View Full Version : Question about an older PJ saddle/repairs

Oct. 6, 2009, 11:17 AM
I took a chance and bought a PJ that was on ebay last week... paid $600 for it. I knew it had a seam rip in the seat and that it was older (1997) so figured I'd go for it, I've always wanted one of these saddles. Well, it came today and I'm a little freaked out about it. The seller had told me that it was fine to ride in as is, but that in addition to the seat rip, the felt "dots" were missing under the pommel... well, what she failed to tell me was that there are also rips there and the screws are showing. One screw is actually sort of poking out.

The tree appears OK and the panels have some spider vein cracks, it seems like it'd be OK to ride in as is except for my concern about the screws. I don't want to spend a ton of money refurbishing this saddle, just want to school in it. I know a new seat will be $600-700. I'm wondering if I should just "patch" those two "dot" areas under the pommel with adhesive felt to cover up the screws again. What do you think?

Also is there any type of seat saver that would cover up the crack in the seat seam to prevent it from ripping more?

I know I'm being totally cheap with this but as I said, I just want it to be "servicably sound" to school in!:D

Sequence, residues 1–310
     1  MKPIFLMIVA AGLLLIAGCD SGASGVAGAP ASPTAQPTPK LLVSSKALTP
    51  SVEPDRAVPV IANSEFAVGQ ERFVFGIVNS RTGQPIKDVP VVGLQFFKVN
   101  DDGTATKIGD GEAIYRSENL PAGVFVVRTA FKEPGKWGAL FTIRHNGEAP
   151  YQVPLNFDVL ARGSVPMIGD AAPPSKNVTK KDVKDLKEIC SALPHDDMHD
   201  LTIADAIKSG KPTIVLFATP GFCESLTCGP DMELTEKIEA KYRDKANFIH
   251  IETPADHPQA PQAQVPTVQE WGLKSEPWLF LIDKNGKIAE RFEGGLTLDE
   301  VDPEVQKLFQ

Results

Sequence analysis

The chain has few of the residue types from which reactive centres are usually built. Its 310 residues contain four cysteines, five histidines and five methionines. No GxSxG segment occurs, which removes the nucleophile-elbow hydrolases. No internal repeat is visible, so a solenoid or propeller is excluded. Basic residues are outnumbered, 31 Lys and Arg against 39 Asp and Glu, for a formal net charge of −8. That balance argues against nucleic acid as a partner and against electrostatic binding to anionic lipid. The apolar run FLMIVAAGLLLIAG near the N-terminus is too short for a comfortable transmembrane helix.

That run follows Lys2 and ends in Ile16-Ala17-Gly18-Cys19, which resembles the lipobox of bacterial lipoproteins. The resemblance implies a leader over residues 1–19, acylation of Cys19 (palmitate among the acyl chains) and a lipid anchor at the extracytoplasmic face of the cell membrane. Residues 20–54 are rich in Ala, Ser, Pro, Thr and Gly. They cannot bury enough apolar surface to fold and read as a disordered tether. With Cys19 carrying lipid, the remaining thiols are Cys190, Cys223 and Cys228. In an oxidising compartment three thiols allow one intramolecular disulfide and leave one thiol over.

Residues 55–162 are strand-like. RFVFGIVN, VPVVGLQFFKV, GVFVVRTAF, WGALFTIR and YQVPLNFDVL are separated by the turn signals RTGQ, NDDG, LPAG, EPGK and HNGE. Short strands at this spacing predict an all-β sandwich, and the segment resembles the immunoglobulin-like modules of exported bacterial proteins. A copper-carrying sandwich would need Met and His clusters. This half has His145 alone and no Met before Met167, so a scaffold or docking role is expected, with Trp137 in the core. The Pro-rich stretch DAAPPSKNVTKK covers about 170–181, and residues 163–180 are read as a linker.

Rhody Ram
Oct. 6, 2009, 01:36 PM
I just had my Pj restuffed. Before that, one of the screws was visible. Didn't seem to affect anything. You can get the seat patched. I have seen it on some older saddles and it seems to last a long time. What they do is take a piece of flexible leather and glue it down over the area. It doesn't look brand new but it's good enough for schooling.

Oct. 6, 2009, 05:09 PM
There's a tack shop out here (Southern California) called Broken Horn in Baldwin Park that carries these nice leather seat savers. I believe someone handmakes them. They are really nice and you can't even tell that it's not the actual seat until you get up close. Just thought I would pass it along in case you wanted to give them a call.

Oct. 7, 2009, 01:30 PM
I just had mine done. Did the same thing as OP, bought a used PJ with a split seat. Called the saddle rep who was very nice, but said that it would cost over $1000 to replace seat panel. Turned out a local friend had become a master saddler after interning in England. She fixed it for a lot less. However, my saddle is not long for this world as it has been through at least two prior owners and heavily used and not well cared for. She found the billets were about to separate, and the tree was slightly cracked at one side of the pommel. The cause of the split seat - riding in jeans!